There's not too much of a story behind today's magic moment, other than it's a pretty awesome photo!
At this time of year, adult gannets are busily hunting their fishy prey, in an attempt to feed up their rapidly growing chicks. Watch out for their spectacular dive from height, as shown above. Fingers crossed they come up with a fish!
This image by Andrew Parkinson is one of thousands on RSPB Images. Take a look and find one for you.
A striking-looking creature has caused a stir on an RSPB nature reserve today.
It looks like a huge hornet, but on closer inspection - note the furry antennae, small eyes and chunky body - it's actually a moth. A lunar hornet moth, to be precise.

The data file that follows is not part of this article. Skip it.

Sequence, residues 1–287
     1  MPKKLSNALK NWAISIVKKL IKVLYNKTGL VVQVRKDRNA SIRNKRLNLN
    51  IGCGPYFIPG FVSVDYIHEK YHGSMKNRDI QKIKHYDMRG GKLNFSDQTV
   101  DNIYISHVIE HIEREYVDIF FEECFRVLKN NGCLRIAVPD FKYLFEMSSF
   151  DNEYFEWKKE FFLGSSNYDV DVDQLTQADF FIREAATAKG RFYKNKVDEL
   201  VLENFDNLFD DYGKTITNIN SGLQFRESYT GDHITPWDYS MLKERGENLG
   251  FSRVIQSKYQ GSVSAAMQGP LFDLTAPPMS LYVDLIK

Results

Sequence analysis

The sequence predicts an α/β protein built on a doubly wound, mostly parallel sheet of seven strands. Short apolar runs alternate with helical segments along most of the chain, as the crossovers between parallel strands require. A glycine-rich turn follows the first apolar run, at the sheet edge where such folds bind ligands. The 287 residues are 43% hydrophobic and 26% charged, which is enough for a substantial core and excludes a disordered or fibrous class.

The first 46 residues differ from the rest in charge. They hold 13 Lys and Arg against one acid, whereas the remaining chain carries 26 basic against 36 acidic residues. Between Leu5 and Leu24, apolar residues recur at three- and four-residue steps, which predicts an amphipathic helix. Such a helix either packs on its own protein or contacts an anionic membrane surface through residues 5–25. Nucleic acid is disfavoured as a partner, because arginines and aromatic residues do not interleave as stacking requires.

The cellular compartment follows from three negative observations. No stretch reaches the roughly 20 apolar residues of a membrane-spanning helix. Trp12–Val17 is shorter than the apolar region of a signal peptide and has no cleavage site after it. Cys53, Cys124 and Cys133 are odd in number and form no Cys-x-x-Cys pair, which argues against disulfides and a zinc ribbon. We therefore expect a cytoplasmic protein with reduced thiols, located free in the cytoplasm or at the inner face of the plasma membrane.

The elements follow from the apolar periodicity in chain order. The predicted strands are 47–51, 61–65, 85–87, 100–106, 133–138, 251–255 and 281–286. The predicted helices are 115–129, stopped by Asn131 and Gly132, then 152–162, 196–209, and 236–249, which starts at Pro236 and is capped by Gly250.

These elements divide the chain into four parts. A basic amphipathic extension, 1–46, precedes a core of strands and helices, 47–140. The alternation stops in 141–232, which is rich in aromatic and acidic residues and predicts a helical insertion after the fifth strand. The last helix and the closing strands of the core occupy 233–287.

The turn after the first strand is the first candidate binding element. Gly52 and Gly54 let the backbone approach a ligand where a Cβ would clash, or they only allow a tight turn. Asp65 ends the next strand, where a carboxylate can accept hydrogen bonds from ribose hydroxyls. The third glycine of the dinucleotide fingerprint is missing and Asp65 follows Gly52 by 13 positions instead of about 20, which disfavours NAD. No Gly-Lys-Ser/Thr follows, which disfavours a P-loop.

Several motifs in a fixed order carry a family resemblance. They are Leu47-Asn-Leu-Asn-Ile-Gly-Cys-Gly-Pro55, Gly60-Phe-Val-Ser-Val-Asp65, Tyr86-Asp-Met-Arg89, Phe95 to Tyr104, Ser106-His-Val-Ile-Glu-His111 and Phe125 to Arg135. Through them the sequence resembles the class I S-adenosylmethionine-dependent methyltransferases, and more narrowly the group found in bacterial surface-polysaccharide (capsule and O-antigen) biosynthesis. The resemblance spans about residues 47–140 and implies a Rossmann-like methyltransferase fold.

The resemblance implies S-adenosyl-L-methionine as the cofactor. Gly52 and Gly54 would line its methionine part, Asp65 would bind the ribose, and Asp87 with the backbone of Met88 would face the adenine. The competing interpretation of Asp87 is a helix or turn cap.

The magnificent moth was spotted at RSPB Exminster, part of the Exe Estuary reserve in Devon, by Visitor Experience Manager Sammy Fraser, who managed to take this great photo while on her lunch break.
"Sammy was out for a walk at lunchtime and managed to snap some great pictures," says Peter Otley, Site Manager at RSPB Exe Estuary. "These are stunning moths - really large and charismatic. They have been seen before on the reserve, but not for a few years."
By mimicking the appearance of a hornet, the moth is able to trick predators into keeping well away.
Says Peter: "In nature, yellow and black are universal warning signs which are used by a range of animals. The size of the moth, combined with those warning colours, would discourage predators like birds and small mammals because hornets really do have a powerful sting.